From there the ship gets to Vulcan only to realize that the lightning storm was a trap set by a mysterious Romulan ship. Through various extreme circumstances, we get to see Bones become the head medical officer, Uhura become the head communications officer, and Spock eventually be given command of the ship before Kirk challenges him for it (in a scene we didn't get to see). For a mild fan of Star Trek, it was very exciting to see all this happening, all set amidst an emergency mission that the Enterprise was sent out on. How's that for intensity? And if you think that plot is intense, just wait until you see some of the "extreme" scenes, like the free fall from space that Kirk and Sulu do to get down to Vulcan.
What I really loved about Abrams' casting choices are that the biggest actors are in the smaller roles. For example, Karl Urban and Eric Bana seem to be the biggest names, and both do have big roles, but Abrams' choices for Kirk, Spock, and even Chekov, are all lesser-known actors but some of the best in the whole movie. For example, Anton Yelchin, who plays the Russian engineer Chekov, has a thick accent that I was shocked to hear in one of the scenes. But by the end of it, I was more than impressed. This kid could really pull it off and I was amazed that it didn't sound tacky or cheesy, it felt like it fit but also had that quirky nature to it, just like the original show. I don't think I even need to begin talking about Chris Pine or Zachary Quinto - because they had the biggest shoes to fill and pulled it off without question.
My favorite scene (seen below), and the one that really convinced me that Abrams was the right guy, was the last one we were shown. Everyone got a glimpse of it in the trailer: it involves the giant beam of energy that is being shot from space down onto the planet. Without giving away too much, that beam is a drill that is extending down from the Romulan ship. Captain Pike sends Kirk and Sulu down to the planet to the edge of the drilling platform to blow it up and disrupt the beam. Pike heads out in a transporter and the two of them (along with a "red shirt") dive out of it in futuristic suits and free fall all the way down to the planet. Eventually they encounter some Romulans on the platform and must fight to live, but the effects, the beautiful futuristic look, the action, the intensity - all of it was all utterly unbelievable.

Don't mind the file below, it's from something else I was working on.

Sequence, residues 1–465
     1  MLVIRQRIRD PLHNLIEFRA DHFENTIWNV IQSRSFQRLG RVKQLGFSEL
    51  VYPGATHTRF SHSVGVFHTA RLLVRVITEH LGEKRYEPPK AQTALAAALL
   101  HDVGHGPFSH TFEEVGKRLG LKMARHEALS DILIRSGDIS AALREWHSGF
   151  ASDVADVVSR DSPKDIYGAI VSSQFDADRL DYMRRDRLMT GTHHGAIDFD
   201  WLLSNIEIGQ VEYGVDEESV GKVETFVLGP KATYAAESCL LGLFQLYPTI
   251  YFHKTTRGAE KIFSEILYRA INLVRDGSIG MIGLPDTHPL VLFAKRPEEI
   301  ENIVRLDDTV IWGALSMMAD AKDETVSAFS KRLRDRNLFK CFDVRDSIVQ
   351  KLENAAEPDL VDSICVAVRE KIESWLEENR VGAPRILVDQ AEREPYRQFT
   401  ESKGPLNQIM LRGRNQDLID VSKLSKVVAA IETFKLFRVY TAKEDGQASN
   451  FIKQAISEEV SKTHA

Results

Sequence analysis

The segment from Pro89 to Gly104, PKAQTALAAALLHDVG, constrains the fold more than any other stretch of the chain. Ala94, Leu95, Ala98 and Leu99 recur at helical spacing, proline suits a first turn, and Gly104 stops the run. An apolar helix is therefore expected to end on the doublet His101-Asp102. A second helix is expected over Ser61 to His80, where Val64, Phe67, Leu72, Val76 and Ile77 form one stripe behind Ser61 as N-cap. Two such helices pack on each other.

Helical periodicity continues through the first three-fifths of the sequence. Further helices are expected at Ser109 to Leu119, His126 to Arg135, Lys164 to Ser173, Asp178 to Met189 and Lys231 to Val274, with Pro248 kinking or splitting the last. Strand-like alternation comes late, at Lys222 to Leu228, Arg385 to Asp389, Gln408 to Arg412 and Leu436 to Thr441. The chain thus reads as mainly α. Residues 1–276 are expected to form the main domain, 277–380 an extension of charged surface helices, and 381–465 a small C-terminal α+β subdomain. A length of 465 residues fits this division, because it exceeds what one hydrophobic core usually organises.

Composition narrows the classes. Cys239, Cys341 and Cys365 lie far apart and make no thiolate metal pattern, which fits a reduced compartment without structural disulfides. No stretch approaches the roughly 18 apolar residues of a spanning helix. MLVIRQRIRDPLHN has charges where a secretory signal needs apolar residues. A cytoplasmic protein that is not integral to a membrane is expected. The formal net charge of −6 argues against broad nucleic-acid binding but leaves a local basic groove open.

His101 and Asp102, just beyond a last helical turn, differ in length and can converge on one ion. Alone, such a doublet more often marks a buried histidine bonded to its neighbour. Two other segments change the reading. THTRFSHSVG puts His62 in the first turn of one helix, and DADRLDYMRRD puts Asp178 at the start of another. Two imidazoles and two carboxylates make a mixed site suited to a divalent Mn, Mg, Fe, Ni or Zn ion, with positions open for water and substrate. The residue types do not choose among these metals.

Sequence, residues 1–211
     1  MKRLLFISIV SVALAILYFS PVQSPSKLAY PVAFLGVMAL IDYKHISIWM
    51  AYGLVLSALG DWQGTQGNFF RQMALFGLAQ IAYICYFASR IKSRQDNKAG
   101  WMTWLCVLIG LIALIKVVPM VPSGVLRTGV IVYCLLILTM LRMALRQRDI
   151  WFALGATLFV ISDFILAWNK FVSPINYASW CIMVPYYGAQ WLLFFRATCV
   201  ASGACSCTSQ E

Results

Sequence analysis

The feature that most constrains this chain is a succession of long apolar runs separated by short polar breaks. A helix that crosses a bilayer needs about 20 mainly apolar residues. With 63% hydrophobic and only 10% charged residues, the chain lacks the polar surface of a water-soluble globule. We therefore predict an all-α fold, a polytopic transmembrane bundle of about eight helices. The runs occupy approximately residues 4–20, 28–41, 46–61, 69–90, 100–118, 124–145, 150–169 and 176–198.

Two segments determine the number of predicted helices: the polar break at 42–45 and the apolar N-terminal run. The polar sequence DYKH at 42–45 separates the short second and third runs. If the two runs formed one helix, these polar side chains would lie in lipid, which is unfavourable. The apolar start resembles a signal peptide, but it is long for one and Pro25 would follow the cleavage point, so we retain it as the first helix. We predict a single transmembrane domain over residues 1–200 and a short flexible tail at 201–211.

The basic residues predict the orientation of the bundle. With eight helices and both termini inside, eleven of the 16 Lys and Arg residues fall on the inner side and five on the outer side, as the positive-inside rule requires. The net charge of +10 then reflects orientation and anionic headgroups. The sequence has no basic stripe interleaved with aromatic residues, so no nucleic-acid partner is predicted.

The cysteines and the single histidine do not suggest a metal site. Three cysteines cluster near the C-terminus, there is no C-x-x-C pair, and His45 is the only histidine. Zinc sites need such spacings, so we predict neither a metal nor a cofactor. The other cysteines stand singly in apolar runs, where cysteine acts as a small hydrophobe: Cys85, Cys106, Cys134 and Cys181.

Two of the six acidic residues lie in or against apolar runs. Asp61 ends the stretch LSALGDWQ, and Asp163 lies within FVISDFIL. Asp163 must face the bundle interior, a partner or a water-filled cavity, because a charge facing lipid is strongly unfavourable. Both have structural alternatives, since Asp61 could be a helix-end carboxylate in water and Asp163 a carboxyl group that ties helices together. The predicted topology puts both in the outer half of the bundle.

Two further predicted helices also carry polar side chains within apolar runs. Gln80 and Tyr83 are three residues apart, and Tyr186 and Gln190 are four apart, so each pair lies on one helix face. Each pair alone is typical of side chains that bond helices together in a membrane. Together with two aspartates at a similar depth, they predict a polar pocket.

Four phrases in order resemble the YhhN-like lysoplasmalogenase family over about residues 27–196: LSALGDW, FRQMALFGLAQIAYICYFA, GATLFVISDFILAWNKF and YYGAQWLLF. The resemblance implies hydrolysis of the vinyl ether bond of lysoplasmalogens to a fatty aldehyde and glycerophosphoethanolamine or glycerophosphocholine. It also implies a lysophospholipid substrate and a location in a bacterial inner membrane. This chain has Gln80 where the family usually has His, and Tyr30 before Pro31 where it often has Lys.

Or at least unbelievable in a sense that someone was actually making this all real. I've been a big fan of Abrams ever since Mission: Impossible III. I think the reason why I loved that movie so much was that he took a great script and turned it into something as thrilling and exciting as the first movie. The action scenes in M:I:III were a huge step up from anything in the series previously. Abrams put that same level of energy in Star Trek and took its action up a notch, too - this ain't you dad's Trek anymore. It's not just that the last scene where they free fall looked completely and utterly real, but the intensity, the way it was shot, and everything about it was something that I felt like only Abrams could genuinely pull off.
Other journalist out there might try to dissuade you about Abrams' vision of this franchise and claim that he's taking something classic and turning it a pile of glossy Hollywood crap, but I couldn't disagree more. What Abrams is doing is taking a franchise that has progressively lost its magic over the years and is pumping it full of modern-day energy and excitement - which is exactly what it needs. It's not only fun, but it's intense, it looks great, and it's a true Star Trek film at its core with massive space battles and epic fight scenes. If you're curious to delve into more details from the Star Trek presentation, our good friend Peter at SlashFilm has a great write-up on the footage, too. And now that I've seen nearly 20 minutes from both movies, I'll make a confession - I'm more excited for Star Trek than I am Watchmen.